To determine the drug content of elemene microemulsion, 0.1 mL of the elemene microemulsion was taken and diluted to 50 mL with 80% acetonitrile aqueous solution. 1 mL of this sample solution was detected by UFLC and repeated twice as above.
To determine the entrapment efficiency of β-elemene in elemene microemulsion, we compared the gel column chromatography and liquid surface method. As the column chromatography method had more errors, the liquid surface method was chosen. Because the free elemene as a volatile oil was insoluble in water and lighter in density than water, it would float on the surface of the aqueous phase. The internal solution of the microemulsion was thus taken to determine the entrapment efficiency. 2 mL of the elemene microemulsion stored at room temperature was moved into a tube as a test sample and set to stand for 2 h. Then 0.1 mL of the internal solution of the test sample was taken out and diluted to 50 mL with the mobile phase to be measured for the β-elemene content as “a”. Then 1.9 mL of the remaining solution of the test sample was diluted to 50 mL with the mobile phase, 1 mL of this diluted solution above was taken out and diluted again to 25 mL to be measured for the β-elemene content as “b”. After repeated once as above, the average entrapment efficiency (EE) was calculated by the following formula:
Vfree is the volume of elemene oil at liquid surface. As the oil phase was found to be insignificant in volume on the surface of the elemene microemulsion (at least <0.05 mL), EE should be more than 19.5 * a/(a + 25b) * 100%.
For the pharmacokinetics study, 90 Sprague Dawley rats weighing 140–200 g of both sexes were divided randomly into an elemene microemulsion group (45 rats) and an elemene emulsion group (45 rats) for oral administration by 100 mg/kg in elemene content. 3–5 mL of blood was drawn from femoral artery of rats at 0, 0.5, 1, 1.5, 2, 2.5, 3, 4, 6, 8, 10, 12, 14, 18, 24 h after administration (3 rats were used for each time point in each group). Then plasma was obtained after centrifuged for 10 min at 2000× g and 4°C, and stored at 4°C. A mixture of 0.5 mL of plasma and 1 mL of acetonitrile was oscillated for 5 min, set to stand for 5 min and then centrifuged for 30 min at 14000× g and 25°C. The supernatant was taken and filtrated with disposable needle filters (0.22 μm). The filtrate was used for the content determination of β-elemene in plasma. Pharmacokinetic software DAS 2.0 was used for calculating pharmacokinetic parameters. Using UFLC detection, the standard curve of β-elemene concentration in plasma was linear in the range of 0.26–3.94 μg·mL−1 with a regression equation of Y= 2263.19 * C – 27.11 (r = 0.9995).
Statistic analysis of the standard curve was carried out by OriginPro 7.5 software in fit linear moment. Statistic analysis of the pharmacokinetic study was carried out by DAS 2.0 software (Drug and Statistics software, Drug clinical research center, Shanghai University of Traditional Chinese Medicine, Shanghai, China) in statistical or compartmental moment. A value of P < 0.05 was regarded as a significant difference.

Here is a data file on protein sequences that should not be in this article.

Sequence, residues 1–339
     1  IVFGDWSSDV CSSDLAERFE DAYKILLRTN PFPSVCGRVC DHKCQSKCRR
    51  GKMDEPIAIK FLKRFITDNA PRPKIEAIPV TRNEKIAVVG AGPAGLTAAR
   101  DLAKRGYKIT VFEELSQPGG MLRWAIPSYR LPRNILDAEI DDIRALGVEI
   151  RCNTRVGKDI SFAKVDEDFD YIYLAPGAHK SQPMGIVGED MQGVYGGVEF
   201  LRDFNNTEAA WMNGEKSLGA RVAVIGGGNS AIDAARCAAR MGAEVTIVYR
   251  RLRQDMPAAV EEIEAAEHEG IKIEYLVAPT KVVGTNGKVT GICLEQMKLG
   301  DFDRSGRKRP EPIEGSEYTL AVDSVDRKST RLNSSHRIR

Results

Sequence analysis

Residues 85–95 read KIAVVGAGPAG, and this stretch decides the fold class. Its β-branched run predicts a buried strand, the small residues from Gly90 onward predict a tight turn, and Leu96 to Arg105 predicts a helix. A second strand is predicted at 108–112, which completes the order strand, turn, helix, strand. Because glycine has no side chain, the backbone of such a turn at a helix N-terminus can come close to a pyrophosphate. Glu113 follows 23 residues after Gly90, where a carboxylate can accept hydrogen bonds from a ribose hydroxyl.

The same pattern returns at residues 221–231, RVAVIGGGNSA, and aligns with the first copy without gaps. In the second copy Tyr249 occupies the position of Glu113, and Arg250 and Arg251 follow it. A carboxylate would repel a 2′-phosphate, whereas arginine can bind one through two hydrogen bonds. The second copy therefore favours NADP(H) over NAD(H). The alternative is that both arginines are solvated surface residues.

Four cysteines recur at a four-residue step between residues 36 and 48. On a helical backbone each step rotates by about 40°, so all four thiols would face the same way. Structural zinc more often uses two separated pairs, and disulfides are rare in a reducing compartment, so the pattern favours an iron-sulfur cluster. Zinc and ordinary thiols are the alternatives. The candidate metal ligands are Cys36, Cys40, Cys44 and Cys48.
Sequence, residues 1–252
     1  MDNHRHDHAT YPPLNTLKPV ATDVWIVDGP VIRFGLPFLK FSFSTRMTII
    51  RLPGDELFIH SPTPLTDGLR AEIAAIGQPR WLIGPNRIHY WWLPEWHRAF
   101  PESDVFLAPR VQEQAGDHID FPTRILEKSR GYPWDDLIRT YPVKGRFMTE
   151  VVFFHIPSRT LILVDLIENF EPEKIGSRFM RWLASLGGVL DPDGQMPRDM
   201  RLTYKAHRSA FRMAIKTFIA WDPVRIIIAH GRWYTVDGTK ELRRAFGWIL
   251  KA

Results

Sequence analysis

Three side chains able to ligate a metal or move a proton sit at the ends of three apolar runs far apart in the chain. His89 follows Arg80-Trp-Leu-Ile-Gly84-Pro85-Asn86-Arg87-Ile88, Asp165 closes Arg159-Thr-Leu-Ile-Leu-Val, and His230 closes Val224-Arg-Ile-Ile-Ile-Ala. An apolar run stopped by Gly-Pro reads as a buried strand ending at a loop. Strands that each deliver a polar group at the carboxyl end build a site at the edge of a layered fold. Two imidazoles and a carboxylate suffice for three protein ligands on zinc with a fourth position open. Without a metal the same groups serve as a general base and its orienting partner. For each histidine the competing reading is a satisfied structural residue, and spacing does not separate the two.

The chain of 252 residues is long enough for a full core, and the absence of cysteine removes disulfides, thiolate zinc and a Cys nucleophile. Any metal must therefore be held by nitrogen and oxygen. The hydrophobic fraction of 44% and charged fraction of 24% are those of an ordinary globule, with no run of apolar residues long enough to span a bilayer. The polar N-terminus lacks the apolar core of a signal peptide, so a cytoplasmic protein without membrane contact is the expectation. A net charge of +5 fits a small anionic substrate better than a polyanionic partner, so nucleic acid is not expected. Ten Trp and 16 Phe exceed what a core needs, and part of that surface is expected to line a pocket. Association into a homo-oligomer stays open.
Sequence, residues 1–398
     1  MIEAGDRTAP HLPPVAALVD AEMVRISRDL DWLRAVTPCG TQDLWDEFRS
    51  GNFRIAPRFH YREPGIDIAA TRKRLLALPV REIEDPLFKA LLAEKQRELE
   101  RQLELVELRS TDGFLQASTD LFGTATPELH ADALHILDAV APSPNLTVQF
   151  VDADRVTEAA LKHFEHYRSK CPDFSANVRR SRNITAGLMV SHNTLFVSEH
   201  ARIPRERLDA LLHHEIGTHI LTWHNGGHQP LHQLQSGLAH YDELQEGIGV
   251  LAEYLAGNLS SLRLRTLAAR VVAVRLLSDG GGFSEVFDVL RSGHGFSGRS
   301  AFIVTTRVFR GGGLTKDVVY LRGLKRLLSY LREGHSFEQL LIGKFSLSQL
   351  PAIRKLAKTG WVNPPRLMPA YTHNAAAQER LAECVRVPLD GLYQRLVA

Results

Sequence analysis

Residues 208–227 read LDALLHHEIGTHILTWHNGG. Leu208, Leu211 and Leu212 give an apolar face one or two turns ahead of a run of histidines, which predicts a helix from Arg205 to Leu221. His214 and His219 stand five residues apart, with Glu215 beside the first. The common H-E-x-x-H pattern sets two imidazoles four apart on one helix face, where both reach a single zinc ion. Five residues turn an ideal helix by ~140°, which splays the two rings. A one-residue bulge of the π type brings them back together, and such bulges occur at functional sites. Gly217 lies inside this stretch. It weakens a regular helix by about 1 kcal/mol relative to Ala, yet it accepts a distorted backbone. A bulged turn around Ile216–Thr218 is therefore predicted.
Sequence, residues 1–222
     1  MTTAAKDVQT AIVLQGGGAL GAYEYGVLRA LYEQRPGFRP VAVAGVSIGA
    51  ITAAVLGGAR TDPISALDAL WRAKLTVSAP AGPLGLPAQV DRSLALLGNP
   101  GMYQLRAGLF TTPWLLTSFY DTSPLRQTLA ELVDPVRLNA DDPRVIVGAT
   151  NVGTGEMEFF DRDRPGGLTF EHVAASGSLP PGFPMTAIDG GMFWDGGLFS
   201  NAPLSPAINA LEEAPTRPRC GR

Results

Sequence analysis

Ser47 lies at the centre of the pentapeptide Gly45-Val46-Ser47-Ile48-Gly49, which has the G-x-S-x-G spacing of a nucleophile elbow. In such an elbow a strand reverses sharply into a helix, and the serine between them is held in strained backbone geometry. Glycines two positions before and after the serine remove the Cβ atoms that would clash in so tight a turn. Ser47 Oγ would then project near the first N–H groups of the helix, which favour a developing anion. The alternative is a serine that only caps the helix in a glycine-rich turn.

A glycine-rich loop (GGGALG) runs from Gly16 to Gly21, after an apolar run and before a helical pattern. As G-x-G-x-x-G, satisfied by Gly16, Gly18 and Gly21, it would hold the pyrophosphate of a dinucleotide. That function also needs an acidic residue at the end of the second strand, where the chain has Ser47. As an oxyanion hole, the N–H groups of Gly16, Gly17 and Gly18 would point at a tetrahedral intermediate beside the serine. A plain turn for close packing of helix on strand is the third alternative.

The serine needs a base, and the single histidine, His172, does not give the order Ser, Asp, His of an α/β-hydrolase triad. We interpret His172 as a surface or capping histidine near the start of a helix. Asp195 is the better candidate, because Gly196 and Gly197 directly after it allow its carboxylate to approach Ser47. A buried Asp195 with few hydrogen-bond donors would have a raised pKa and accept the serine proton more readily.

Many studies have shown that microemulsion may protect unstable drugs, increase the solubility of some insoluble drugs, improve bioavailability, control drug release, and reduce individual differences of drugs.5 The elemene microemulsion was characterized as (57.7 ± 2.8) nm in size (Figure 2), 0.485 ± 0.032 in polydispersity index, (3.2 ± 0.4) mv in zeta potential, (5.19 ± 0.08) in pH, 6 mpa·s in viscosity, and (31.8 ± 0.3) mN·m−1 in surface tension. Examination of the elemene microemulsion prepared in this work under cross-polarized light microscopy showed a dark field indicating an isotropic system. A 20-fold dilution of this microemulsion with water remained visually clear and dark under cross-polarized light microscope, indicating an excellent dispersing and isotropic stability. The elemene microemulsion as a clarified and isotropic system containing 1% elemene (w/v), 5% ethanol (v/v), 15% propylene glycol (v/v), 15% glycerol (v/v), and 5% polysorbate 80 (w/v) shows a formulation of weak acidity, low viscosity, and low surface tension that is suitable for oral administration. Generally speaking, 5% ethanol (v/v), 15% propylene glycol (v/v), 15% glycerol (v/v), and 5% polysorbate 80 (w/v) could be tolerated by patients and pharmaceutical regulations. While mixing method was often used for the preparation of microemulsion, we found that it was easier to prepare an elemene microemulsion of greater clarity with ultrasonication in an ultrasonic bath, especially when working around boundary conditions. In addition, the ultrasonication method can be easily adapted for production of elemene microemulsion at an industrial scale.